From the way critics of the closure of the ABS-CBN broadcast network are talking, they are assuming that the network has a vested right to the renewal of its legislative franchise.
That view is mistaken. Nobody has a vested right to the issuance of a legislative franchise, or to the renewal of one.
Under existing laws, a broadcast media network must obtain a legislative franchise from Congress before it may operate.
The power of Congress to issue a legislative franchise is a discretionary power. That means Congress cannot be compelled by either the President or the Supreme Court to issue a legislative franchise, or to renew an expiring one.
Since the power of Congress to issue or to renew a legislative franchise is discretionary, then Congress may, for any reason, refuse to issue a franchise or renew one. That discretionary power includes not acting on any pending bills seeking the issuance or renewal of a franchise.
To repeat, nobody has a vested right to the issuance of a legislative franchise, or to the renewal of one.
The legislative franchise of ABS-CBN expired last 4 May 2020. Because the network continued to operate the next day, the National Telecommunications Commission (NTC) ordered the network to stop operations one day after the expiration.
Why did ABS-CBN continue operating on 5 May when it should have signed off on 4 May? Political observers believe that ABS-CBN management was so confident that government will not dare order its closure, lest the government court the anger of its supporters, viewers, employees and creditors.
It turned out that the government had the political will to enforce the law, as seen in the cease and desist order issued by the NTC to ABS-CBN.
Admittedly, ABS-CBN is a popular broadcast network. Its drama anthologies enjoy high ratings, even if most of them are about unfaithful spouses, illegitimate offspring, unwanted pregnancies, meddling in-laws, screaming households, nosy neighbors, greedy relatives, adopted children, sibling rivalries, oppressed individuals, corrupt politicians and a sham justice system.
With the exception of some of the network’s radio newscasters who clown around while reading the news, and the praises the network repeatedly pays itself through prerecorded video materials aired at fixed intervals, the network’s coverage of the COVID-19 situation in the country has been informative. It has also helped encourage people to stay indoors during the quarantine.
ABS-CBN has hundreds of employees in its payroll. News reports reveal that the network also has several unpaid loans.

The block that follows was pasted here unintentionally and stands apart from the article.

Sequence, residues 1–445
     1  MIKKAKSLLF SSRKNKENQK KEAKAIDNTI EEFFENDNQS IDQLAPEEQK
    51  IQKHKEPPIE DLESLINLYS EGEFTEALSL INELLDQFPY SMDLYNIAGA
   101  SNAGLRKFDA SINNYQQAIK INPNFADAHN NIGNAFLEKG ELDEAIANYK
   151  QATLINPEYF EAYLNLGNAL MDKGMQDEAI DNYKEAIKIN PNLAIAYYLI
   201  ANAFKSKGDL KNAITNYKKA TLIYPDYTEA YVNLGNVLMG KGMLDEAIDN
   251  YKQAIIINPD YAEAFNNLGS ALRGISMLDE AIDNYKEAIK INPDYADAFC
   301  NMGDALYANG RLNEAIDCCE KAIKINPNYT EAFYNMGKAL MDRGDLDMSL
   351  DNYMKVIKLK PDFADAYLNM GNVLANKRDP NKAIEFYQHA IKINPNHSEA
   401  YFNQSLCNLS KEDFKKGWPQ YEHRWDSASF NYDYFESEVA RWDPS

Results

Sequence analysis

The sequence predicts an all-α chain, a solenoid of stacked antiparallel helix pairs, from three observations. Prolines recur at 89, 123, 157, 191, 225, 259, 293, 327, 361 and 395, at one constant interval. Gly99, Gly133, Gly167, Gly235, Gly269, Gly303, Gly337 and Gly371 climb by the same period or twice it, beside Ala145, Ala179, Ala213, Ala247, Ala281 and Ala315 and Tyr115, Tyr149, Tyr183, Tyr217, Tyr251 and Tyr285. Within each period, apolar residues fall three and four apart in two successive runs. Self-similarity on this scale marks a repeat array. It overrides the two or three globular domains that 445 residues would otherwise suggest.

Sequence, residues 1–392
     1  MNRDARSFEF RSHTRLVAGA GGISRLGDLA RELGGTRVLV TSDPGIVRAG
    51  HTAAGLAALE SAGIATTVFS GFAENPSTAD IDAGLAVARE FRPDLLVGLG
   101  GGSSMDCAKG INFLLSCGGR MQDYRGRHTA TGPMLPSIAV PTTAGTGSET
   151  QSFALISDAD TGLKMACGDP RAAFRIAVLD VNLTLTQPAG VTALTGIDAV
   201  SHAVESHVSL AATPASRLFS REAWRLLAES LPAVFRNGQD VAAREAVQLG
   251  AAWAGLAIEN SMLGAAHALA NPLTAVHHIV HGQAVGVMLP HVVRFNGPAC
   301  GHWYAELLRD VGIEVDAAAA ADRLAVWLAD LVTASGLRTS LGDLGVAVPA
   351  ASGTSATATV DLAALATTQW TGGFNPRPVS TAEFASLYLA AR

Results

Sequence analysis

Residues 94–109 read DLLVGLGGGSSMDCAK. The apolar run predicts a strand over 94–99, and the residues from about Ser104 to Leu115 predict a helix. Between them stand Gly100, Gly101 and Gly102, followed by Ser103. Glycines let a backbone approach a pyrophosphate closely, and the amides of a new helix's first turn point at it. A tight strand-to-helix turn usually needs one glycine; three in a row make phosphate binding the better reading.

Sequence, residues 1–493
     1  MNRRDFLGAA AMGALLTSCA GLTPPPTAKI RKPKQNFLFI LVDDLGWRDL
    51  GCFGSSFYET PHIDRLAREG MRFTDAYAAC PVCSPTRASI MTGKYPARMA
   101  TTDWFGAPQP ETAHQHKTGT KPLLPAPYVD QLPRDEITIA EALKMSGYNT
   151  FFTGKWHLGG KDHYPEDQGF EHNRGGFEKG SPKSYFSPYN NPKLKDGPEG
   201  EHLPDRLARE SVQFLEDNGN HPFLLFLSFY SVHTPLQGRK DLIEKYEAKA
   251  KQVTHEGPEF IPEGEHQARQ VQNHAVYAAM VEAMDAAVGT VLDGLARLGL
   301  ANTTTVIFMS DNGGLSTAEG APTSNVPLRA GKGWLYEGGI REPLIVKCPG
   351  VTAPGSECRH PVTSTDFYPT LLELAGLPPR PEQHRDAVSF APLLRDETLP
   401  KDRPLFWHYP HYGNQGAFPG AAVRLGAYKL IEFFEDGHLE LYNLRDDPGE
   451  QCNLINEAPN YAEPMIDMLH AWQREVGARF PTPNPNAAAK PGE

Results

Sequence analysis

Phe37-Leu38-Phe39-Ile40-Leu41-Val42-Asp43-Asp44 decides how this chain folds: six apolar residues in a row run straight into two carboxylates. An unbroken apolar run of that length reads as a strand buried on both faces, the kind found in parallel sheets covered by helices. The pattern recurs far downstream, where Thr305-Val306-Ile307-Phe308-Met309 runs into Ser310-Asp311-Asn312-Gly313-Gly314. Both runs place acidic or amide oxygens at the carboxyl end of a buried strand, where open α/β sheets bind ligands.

Are all those enough reasons for ABS-CBN and its supporters, viewers, employees and creditors to assume that the network has a vested right to the renewal of its legislative franchise?
As mentioned above, the answer is in the negative.
Being a popular source of information and entertainment does not create a vested right to a renewal of a franchise. It’s not as if ABS-CBN were the only broadcast media facility in town. There are other broadcast networks around which can do what ABS-CBN is capable of doing.
There is also no correlation between the non-renewal of the ABS-CBN franchise and the COVID-19 pandemic. With or without ABS-CBN around, quarantine protocols will remain in place, and the virus remains deadly and incurable. The stark reality is that people will likely contract COVID-19 because they breached quarantine protocols, and not because the ABS-CBN franchise was not renewed by Congress.
Employees of ABS-CBN joined the network’s workforce on their own free will, and with the knowledge that the network’s franchise is not permanent. They cannot now assume a vested right to the renewal of their employer’s franchise on the ground that its non-renewal will result in their unemployment.
Creditors, on the other hand, are expected to weigh the risks involved when they lend money. Just because ABS-CBN owes money to a creditor does not give that creditor a vested right to the renewal of the network’s franchise.
The ongoing scuttlebutt that Congress should be faulted for the non-renewal of the ABS-CBN franchise is obviously trash talk peddled by idiots who are quick to condemn the non-renewal of the franchise, without first understanding the Constitution and the applicable laws.